Your time at Edinburgh College of Art
I had a fantastic time in the illustration department at Edinburgh College of Art. The atmosphere throughout the art school was one of a great and raucous community, but with a streak of competitive hard work running through it, and being in a small department of a small institution made my class extremely tight-knit. Our learning was rigorous and stimulating, focusing not only on the technique of drawing and materials, but also giving us a solid training in the conceptual basis of illustration, a comprehension of interwoven literary and editorial traditions, and the history of the visual arts as a whole. Under the guidance of Jonathan Gibbs, our head of department, I had a real feeling discovering an exciting new world, like an explorer discovering a new continent.
On top of our regular teaching, we enjoyed dozens of visits from practising illustrators and other industry professionals and worked in a dedicated studio space that allowed us to put into practice all that we had learnt. I also enjoyed the opportunity to do an Erasmus exchange and spent nine months living and studying in the École Superièure des Arts Decoratifs in Strasbourg, where I learnt to speak French, made lifelong friends, and even managed to drag myself out of the sunny pavement cafes to attend classes. This vocational and hands-on approach to studying has proved invaluable throughout my career ever since and had a fundamental effect on the person that I am now.
Your experiences since leaving Edinburgh College of Art
Ever since graduating, I’ve worked as a freelance illustrator. The job leaves me working entirely independently, which I find extremely enjoyable – although some people find the insecurity of a freelance career daunting, I simply couldn’t imagine working in any other way. I collaborate with a variety of magazines, newspapers and publishing houses around the world, as well as making my own work for exhibitions or simply for pleasure. This means that every week is different – one week I might be finishing off an extensive series of linocut prints for a classic novel, the next I might be working on an intense 24 hour deadline for a newspaper, or taking time to explore the city, visit museums and galleries, and draw directly from life.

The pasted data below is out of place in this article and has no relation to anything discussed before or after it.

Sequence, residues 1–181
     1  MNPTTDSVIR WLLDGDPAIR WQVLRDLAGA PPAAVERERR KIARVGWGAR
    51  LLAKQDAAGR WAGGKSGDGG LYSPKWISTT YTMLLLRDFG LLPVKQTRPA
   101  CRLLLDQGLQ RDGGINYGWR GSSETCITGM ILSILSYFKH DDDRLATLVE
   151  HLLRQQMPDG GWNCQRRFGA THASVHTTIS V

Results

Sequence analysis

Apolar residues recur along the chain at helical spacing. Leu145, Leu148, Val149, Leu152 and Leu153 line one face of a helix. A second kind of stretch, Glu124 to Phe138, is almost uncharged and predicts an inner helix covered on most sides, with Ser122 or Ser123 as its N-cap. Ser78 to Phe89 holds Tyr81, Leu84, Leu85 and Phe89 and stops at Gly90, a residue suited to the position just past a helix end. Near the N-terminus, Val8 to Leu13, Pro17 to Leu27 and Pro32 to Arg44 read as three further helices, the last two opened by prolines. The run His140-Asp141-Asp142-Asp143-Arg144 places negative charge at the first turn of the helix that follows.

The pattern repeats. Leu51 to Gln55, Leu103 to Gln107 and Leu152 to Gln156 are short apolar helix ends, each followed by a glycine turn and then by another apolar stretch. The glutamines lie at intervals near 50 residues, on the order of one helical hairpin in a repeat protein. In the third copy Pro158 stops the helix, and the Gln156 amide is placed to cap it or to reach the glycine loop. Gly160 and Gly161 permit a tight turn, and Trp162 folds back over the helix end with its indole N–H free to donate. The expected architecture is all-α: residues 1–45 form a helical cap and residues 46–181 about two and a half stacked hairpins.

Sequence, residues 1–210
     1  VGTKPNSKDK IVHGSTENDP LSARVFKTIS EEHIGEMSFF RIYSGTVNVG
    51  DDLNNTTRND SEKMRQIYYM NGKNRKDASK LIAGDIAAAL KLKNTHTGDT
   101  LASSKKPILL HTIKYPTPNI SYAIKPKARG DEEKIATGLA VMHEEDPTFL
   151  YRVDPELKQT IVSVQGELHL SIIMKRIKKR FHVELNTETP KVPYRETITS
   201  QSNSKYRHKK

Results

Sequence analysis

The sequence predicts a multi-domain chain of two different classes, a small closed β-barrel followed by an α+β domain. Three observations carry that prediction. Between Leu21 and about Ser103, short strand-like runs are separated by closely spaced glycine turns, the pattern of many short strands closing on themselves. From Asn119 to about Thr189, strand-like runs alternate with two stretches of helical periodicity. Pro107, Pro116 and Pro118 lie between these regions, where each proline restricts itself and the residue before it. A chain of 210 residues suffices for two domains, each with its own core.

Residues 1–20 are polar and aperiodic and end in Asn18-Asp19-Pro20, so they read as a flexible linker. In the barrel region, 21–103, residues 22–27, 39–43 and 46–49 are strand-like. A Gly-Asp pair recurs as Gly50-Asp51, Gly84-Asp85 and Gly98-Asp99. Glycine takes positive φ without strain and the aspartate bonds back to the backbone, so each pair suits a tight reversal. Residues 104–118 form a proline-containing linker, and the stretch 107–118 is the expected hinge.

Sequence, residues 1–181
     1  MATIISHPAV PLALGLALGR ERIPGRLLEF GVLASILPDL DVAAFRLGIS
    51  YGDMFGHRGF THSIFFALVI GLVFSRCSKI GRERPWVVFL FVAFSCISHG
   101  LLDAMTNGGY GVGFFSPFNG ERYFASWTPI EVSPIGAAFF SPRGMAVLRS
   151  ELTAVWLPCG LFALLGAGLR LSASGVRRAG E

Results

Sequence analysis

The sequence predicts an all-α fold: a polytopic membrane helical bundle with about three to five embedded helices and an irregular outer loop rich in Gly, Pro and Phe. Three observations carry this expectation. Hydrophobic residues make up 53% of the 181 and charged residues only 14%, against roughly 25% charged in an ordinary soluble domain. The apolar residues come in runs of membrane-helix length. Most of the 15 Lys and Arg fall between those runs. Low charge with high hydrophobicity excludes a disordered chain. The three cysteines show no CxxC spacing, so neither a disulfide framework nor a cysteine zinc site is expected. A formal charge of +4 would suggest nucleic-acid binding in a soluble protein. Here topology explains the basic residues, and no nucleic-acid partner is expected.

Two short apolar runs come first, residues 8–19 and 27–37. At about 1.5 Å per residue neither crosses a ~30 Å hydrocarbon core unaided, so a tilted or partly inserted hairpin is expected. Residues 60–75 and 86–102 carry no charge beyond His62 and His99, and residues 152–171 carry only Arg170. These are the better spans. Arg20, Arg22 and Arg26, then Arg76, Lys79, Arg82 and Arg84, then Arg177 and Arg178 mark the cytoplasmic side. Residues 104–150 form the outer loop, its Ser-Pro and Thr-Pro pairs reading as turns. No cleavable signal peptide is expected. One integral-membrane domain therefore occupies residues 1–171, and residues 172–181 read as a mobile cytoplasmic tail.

On top of that, I write and illustrate graphic novels; self-initiated projects which combine my love of narrative, writing and drawing and can take several years to complete. My first book 'Her Bark & Her Bite', was published last year, and my next, 'A Shining Beacon', will come out in early 2019.
The freedom of freelance work has also allowed me to travel extensively with my partner (who is also a graduate from ECA’s illustration department). Because almost all our projects are handled by email, we can work with clients who are literally anywhere in the world, and over the last few years we’ve lived in London, Hong Kong, and Lyon, France. Whenever we can, we also make trips to Paris, New York and Toronto for various exhibitions and book festivals.
My most recent, large scale project is a series of illustrations for The Folio Society, a London-based publisher, for a new edition of Steinbeck’s 'Of Mice and Men'. This is the third book that I’ve done with them (the previous ones were 'Parade’s End' by Ford Madox Ford and 'The Blue Flower' by Penelope Fitzgerald), and working with the Folio Society is always a pleasure. I read the book and make thorough notes, then discuss with their Art Director which scenes I’d like to illustrate, and how. I experiment with various compositions and ideas before beginning the final artwork, and the whole process gives me a huge amount of creative freedom and the opportunity to work with some really incredible literature.
Work hard! The freedom of an art school education can often be a double-edged sword, giving students the independence to explore ideas but also neglecting to chase them up if they don’t put the hours in. There is no better way to learn to become an artist or illustrator than through action. The students who put the most in, who make time to practice drawing every day, take on optional extra projects or go to exhibitions or read books under their own steam, are the students who get the most out of an art school.